landing on Battery Island; their advance pickets and ours arc firing. Pickets from Grimball's (on the Stono) report the enemy landing at that place. Three gunboats and a monitor proceeded up the Stono as far as the obstructions. On the morning of the 10th of July, while the attack was progressing on Morris Island, Colonel Simonton telegraphed that the main body of the enemy were moving in force from Battery Island to Legare's house, having a line of pickets extending from a point at Legare's in an oblique line up the Stono, cutting the Grimball causeway about midway. Later in the day, however, the same officer telegraphed that the reported advance of the enemy was premature: They are in force on Battery Island. Though the demonstration of the enemy in the Stono and on James Island was instituted to distract our attention from Morris Island, yet it was made in such strength that at any moment it could have been converted into a real attack of the most disastrous kind to us,
ing about the Marsh Battery, as we may still complete it, after having finished the Shell Point Battery. Instead of constructing those two field batteries near Legare's, for two pieces each, make them large enough for four pieces, to be supported by rifle-pits and four companies of infantry to each battery. Afterwards we wilhf.-Engr., Dept. S. C., Ga., and Fla., Charleston, S. C.: Colonel,—The Commanding General directs me to say that he wishes the batteries on James Island (about Legare's), bearing on Black Island, to be increased by at least twenty (20) guns, on siege-carriages. This work should be pushed forward night and day, as indeed at Sheer, etc., etc.: Colonel,—It is the wish of the Commanding General that the work on the Sullivan's Island Batteries, Simkins (Shell Point), Cheves, and Haskell (Legare's), shall be pushed forward, night and day. To do the work on hand the negroes must be divided in two parties, and these again subdivided into reliefs, as also
C. Edwards Lester, Life and public services of Charles Sumner: Born Jan. 6, 1811. Died March 11, 1874., Section Eighth: the war of the Rebellion. (search)
in January and March of the following year. But with the exception of that venerable Sage and apostle of Liberty, John Quincy Adams, scarcely a voice was heard in either House in advocacy of the measure. Mr. Hamilton, of South Carolina, declared that Haytien independence could not be tolerated in any form; and his colleague, Mr. Hayne, not only deprecated any such recognition, but demanded that our ministers in South America and Mexico, should protest against the independence of Hayti. Mr. Legare, also of the same State, opposed it violently. He was an accomplished scholar; but even the amenities of literary culture had not gained any covert in his breast, where sympathy with black men struggling for elevation could find shelter He said that the memorial originated in a design to revolutionize the South, and convulse the Union. As sure as you live, sir, was his prophecy, if this course is permitted to go on, the sun of this Union will go down in blood, and go down to rise no more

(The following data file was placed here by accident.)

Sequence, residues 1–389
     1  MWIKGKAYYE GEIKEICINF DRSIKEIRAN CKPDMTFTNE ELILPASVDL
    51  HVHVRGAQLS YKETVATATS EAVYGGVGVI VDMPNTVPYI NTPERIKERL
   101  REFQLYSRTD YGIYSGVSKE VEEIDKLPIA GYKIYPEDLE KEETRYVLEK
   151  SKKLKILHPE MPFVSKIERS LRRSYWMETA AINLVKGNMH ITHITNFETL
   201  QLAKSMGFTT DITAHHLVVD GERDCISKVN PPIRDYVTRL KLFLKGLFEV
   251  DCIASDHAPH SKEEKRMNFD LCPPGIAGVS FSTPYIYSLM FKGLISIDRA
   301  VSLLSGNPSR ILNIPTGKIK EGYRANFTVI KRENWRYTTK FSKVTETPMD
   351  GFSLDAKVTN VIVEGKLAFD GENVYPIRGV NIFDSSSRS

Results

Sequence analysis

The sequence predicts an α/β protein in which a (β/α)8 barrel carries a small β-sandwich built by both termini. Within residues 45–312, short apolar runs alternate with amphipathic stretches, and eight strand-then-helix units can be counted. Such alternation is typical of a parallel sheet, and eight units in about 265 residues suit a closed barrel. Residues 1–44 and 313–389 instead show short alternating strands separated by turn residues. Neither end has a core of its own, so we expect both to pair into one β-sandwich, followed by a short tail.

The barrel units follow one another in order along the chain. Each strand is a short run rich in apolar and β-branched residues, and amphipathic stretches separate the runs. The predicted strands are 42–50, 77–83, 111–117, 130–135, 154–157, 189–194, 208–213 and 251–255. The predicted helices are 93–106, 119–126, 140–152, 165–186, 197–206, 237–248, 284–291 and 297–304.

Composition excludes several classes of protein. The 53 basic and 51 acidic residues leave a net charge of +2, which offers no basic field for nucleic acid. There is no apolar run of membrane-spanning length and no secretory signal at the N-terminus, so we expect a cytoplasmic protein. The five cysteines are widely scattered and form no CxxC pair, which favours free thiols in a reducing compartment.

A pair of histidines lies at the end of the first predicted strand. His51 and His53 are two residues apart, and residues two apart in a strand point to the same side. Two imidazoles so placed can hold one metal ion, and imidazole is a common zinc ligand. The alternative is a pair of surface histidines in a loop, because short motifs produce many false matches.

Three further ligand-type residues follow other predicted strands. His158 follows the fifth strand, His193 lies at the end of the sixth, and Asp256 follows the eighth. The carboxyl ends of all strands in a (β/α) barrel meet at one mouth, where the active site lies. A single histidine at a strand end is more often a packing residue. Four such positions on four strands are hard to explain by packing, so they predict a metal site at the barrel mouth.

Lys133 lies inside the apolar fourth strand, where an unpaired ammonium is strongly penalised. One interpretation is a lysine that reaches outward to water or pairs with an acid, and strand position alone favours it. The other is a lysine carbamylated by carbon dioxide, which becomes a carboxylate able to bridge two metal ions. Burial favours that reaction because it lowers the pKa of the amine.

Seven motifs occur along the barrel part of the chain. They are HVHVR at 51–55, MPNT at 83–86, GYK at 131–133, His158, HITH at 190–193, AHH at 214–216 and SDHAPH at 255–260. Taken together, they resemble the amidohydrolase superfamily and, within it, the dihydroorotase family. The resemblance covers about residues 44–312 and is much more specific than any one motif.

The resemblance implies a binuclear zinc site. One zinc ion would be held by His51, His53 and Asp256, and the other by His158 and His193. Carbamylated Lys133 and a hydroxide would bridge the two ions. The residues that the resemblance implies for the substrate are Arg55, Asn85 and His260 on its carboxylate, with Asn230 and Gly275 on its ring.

in January and March of the following year. But with the exception of that venerable Sage and apostle of Liberty, John Quincy Adams, scarcely a voice was heard in either House in advocacy of the measure. Mr. Hamilton, of South Carolina, declared that Haytien independence could not be tolerated in any form; and his colleague, Mr. Hayne, not only deprecated any such recognition, but demanded that our ministers in South America and Mexico, should protest against the independence of Hayti. Mr. Legare, also of the same State, opposed it violently. He was an accomplished scholar; but even the amenities of literary culture had not gained any covert in his breast, where sympathy with black men struggling for elevation could find shelter He said that the memorial originated in a design to revolutionize the South, and convulse the Union. As sure as you live, sir, was his prophecy, if this course is permitted to go on, the sun of this Union will go down in blood, and go down to rise no more
Southern Historical Society Papers, Volume 11. (ed. Reverend J. William Jones), General Beauregard's report of the battle of Drury's Bluff. (search)
d Staub received his death wound. For once, since leaving Dalton, we find ourselves across the Chattahoochie. For Johnston waits to strike his crawling foe. But Peach-Tree Creek soon called us to our work, and in defending its passage we lose Legare and Percy and Ricketts. Legare, who begged for one more shot at them, and fell with Percy, torn and mangled, before he could get it. First on the right, then through the siege, the Fifth Company battles for Atlanta, till Hood must leave, for Legare, who begged for one more shot at them, and fell with Percy, torn and mangled, before he could get it. First on the right, then through the siege, the Fifth Company battles for Atlanta, till Hood must leave, for Jonesboroa is gone, and Hardee's heroic corps can stand the pressure no longer. Here Frazer, Vincent, Delery, find their death, and also that unrecorded priest who followed us into battle. And now it is on to Nashville. In snow we move from Florence to the task, ill clad and badly shod. Columbia is taken, and Franklin's ditches are made level with Confederate dead. Bates's division is thrown toward Murfreesboro. At Overall creek it is Leverich's canister saving us from destruction, and rid